Two years ago, Austin punk collector Ryan Richardson at Circulation Zero did a very cool thing, offering free, searchable downloads of complete runs of punk mags and zines, including Slash (1977-1980; 29 issues), No Mag (1978-1985; 14 issues), Damage (1979-1981; 13 issues, and Dry (1979-1982; 14 issues). This followed Richardon's uploading of other mags to his website, including Rock Scene and Star. "The beauty of digitization really sinks in at 30,000 feet," Richardson writes in his manifesto. "In-flight woes—that seat leaned to within an inch of your face, the unshowered over-sharer, the wailing toddler—all fade with Claude Bessy rants and Melanie Nissen pics in view. Several years ago, a collector comrade assembled a complete run of Slash magazine (with a little help from me) and had scanned every last newsprint page and had sent 'em my way (thanks, Jeff). That small kindness of sharing such a sizable effort would prove to be a turning point."
While complete runs of fanzines like Touch & Go and We Got Power have been collected into awesome anthologies, many pioneering punk rags—the large format, newsprint ones in particular—are available only to dedicated collectors or packrats who've kept 'em since way back when. Not infrequently I've talked to fanzine creators and contributors who didn't even hang onto copies of their own publications. While assembling some sets is doable with some moxie and spending cash, several runs border on the impossible even if you've got the drive and dough to acquire 'em. Digital editions are the only way most people will encounter these punk rags of yesteryear.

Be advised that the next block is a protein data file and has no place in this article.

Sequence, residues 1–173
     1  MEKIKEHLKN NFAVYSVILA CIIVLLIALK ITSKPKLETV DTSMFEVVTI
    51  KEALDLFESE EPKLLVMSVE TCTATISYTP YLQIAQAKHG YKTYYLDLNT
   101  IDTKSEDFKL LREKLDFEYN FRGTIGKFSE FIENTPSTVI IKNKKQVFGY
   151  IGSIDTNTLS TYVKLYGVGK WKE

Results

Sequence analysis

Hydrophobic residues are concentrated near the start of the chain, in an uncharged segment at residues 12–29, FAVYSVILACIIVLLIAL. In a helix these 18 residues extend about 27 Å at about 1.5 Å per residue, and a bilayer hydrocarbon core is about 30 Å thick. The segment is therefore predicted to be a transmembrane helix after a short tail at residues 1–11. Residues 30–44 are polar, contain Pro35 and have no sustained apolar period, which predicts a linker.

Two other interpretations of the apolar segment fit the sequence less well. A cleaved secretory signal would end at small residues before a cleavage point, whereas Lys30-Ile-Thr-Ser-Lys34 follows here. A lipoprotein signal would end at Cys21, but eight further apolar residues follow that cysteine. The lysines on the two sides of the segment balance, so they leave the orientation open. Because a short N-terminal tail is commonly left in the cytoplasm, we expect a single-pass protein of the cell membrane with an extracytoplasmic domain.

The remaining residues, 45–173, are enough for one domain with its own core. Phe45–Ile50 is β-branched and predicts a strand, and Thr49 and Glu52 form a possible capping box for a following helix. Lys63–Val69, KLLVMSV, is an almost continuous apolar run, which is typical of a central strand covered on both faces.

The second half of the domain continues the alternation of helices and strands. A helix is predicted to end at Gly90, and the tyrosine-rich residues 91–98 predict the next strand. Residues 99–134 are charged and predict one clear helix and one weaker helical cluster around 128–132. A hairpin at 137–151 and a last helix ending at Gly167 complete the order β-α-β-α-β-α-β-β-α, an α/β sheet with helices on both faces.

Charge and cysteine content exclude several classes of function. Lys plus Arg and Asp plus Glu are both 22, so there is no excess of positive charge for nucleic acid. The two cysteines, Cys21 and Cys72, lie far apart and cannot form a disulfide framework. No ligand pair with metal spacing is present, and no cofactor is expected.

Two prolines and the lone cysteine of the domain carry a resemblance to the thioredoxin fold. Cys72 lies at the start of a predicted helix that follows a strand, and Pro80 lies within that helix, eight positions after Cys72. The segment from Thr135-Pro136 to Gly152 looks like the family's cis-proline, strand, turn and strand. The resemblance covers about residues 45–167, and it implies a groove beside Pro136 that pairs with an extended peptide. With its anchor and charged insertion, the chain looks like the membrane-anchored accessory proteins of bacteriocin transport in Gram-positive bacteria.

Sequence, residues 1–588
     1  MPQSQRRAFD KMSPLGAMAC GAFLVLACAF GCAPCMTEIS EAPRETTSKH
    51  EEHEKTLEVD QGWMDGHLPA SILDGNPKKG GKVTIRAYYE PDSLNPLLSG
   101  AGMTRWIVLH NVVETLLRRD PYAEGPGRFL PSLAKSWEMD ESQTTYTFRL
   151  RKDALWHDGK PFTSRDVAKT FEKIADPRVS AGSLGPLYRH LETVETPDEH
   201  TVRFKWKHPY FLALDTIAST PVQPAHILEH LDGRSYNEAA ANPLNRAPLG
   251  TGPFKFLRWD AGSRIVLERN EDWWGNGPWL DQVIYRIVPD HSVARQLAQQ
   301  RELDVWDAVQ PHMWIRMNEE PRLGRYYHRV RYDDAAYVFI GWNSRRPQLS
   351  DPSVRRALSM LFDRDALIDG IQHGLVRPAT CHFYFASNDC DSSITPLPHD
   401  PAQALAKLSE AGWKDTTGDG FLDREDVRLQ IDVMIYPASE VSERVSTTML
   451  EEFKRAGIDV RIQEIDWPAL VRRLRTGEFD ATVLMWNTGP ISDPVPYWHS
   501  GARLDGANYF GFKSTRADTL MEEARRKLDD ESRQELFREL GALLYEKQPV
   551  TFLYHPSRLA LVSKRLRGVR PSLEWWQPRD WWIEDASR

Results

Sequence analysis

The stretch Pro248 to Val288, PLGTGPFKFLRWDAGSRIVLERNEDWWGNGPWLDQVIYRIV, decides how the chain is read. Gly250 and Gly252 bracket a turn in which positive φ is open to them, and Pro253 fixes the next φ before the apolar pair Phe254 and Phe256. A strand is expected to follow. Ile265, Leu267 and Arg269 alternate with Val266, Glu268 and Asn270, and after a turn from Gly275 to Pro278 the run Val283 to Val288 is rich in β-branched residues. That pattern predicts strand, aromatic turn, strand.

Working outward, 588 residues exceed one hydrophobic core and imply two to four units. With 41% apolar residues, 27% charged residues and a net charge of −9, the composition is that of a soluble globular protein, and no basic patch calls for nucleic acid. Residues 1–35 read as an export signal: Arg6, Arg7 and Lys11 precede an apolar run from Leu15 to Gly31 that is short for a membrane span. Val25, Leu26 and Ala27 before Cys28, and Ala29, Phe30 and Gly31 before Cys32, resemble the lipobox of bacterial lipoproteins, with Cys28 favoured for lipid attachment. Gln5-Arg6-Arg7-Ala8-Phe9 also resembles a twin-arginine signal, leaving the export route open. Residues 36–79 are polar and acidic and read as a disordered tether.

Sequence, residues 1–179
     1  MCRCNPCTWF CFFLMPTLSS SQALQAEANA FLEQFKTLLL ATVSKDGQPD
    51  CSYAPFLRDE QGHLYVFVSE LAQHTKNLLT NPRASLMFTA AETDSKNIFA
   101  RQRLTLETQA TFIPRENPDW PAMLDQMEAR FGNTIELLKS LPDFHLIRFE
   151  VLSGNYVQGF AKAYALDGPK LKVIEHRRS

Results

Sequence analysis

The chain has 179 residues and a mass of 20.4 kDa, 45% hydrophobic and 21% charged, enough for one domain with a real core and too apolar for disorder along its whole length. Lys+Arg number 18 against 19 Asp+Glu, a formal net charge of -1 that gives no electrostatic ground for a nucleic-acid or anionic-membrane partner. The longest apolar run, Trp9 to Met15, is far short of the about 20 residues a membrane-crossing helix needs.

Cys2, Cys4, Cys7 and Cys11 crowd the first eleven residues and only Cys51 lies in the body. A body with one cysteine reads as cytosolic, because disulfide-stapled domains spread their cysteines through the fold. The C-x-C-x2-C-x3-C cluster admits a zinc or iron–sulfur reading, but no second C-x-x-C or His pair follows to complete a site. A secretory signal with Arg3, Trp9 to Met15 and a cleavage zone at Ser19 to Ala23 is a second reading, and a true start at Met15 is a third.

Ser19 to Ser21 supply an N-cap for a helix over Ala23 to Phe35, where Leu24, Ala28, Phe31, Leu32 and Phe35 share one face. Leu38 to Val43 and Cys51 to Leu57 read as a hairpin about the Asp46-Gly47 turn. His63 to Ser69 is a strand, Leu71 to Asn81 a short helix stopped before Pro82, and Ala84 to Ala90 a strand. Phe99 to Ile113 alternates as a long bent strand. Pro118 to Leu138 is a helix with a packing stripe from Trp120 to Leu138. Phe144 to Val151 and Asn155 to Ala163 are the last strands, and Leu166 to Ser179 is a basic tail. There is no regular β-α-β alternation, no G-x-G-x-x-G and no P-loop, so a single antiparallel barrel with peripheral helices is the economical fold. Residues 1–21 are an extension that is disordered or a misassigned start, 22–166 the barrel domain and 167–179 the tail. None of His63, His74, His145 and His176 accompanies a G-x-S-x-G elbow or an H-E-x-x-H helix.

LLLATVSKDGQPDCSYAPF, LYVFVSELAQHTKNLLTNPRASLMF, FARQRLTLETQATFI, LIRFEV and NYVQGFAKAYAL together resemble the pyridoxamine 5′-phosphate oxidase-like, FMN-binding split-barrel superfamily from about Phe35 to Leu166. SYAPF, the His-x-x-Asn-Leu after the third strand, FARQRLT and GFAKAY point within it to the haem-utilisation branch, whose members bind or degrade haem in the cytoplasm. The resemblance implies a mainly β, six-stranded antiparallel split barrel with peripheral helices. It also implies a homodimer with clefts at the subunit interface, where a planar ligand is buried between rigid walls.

Circulation Zero is an experiment, my attempt to "give back" by parlaying the preservation of some beloved punk publications into a greater good. My hope is that the original creators will not only enjoy seeing their work resuscitated but will also appreciate the fact that their work is helping generate donations to worthy causes. The site is also an attempt to answer some questions that bounce around in my head. Are collections better off inside institutional libraries or in the hands of collectors? Should ancient in-fighting prevent bringing the punk print hey-day to a new generation? Should eggshell walking over copyright issues cock-block oldsters from taking a whirl on the wayback machine? Can a world chock full of entitled interweb denizens be trusted to donate even a pittance in exchange for a treasure trove of never-before-digitized fanzines? I don't know the answers but hopefully Circulation Zero will prove my hunches correct. Dig in!
Here's a 2015 article about Richardson and Circulation Zero in the Austin American Statement. “I just wanted to have all this stuff in once place,” Richardson says. “I wanted to be able to read it on a plane.”
There was no point—not to mention a mess of legal issues—in trying to monetize any of this labor, but Richardson didn’t want to just give it away. So we, the public who do not have time or money to track down all of this rare stuff, are the beneficiaries of Richardson’s time and labor.
“Hopefully, I can generate some charitable contributions,” Richardson says. “If you’re broke, fine. If you go to Starbucks once a week, you can kick in $10 to use this stuff.”
Top photo by Rodolfo Gonzalez via American/Statesmen